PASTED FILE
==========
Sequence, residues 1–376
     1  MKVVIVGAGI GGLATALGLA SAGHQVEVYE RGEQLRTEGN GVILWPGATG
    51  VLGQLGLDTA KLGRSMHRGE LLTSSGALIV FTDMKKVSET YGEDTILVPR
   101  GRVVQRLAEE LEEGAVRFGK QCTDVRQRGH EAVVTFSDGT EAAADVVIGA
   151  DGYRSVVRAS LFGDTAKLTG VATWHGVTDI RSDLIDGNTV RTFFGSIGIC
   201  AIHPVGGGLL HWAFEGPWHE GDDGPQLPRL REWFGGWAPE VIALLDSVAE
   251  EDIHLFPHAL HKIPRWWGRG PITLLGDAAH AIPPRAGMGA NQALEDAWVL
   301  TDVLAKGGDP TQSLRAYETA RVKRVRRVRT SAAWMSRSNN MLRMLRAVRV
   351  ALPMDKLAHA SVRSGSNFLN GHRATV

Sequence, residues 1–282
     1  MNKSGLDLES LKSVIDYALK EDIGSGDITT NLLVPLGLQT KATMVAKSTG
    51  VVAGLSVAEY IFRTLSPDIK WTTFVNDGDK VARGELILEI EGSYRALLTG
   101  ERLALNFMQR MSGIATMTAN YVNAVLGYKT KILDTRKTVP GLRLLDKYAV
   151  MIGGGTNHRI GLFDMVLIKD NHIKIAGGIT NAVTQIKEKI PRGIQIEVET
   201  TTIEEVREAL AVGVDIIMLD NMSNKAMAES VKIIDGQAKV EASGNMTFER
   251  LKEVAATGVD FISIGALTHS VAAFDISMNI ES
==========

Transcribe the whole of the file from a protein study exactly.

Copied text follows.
Sequence, residues 1–376
     1  MKVVIVGAGI GGLATALGLA SAGHQVEVYE RGEQLRTEGN GVILWPGATG
    51  VLGQLGLDTA KLGRSMHRGE LLTSSGALIV FTDMKKVSET YGEDTILVPR
   101  GRVVQRLAEE LEEGAVRFGK QCTDVRQRGH EAVVTFSDGT EAAADVVIGA
   151  DGYRSVVRAS LFGDTAKLTG VATWHGVTDI RSDLIDGNTV RTFFGSIGIC
   201  AIHPVGGGLL HWAFEGPWHE GDDGPQLPRL REWFGGWAPE VIALLDSVAE
   251  EDIHLFPHAL HKIPRWWGRG PITLLGDAAH AIPPRAGMGA NQALEDAWVL
   301  TDVLAKGGDP TQSLRAYETA RVKRVRRVRT SAAWMSRSNN MLRMLRAVRV
   351  ALPMDKLAHA SVRSGSNFLN GHRATV

Sequence, residues 1–282
     1  MNKSGLDLES LKSVIDYALK EDIGSGDITT NLLVPLGLQT KATMVAKSTG
    51  VVAGLSVAEY IFRTLSPDIK WTTFVNDGDK VARGELILEI EGSYRALLTG
   101  ERLALNFMQR MSGIATMTAN YVNAVLGYKT KILDTRKTVP GLRLLDKYAV
   151  MIGGGTNHRI GLFDMVLIKD NHIKIAGGIT NAVTQIKEKI PRGIQIEVET
   201  TTIEEVREAL AVGVDIIMLD NMSNKAMAES VKIIDGQAKV EASGNMTFER
   251  LKEVAATGVD FISIGALTHS VAAFDISMNI ES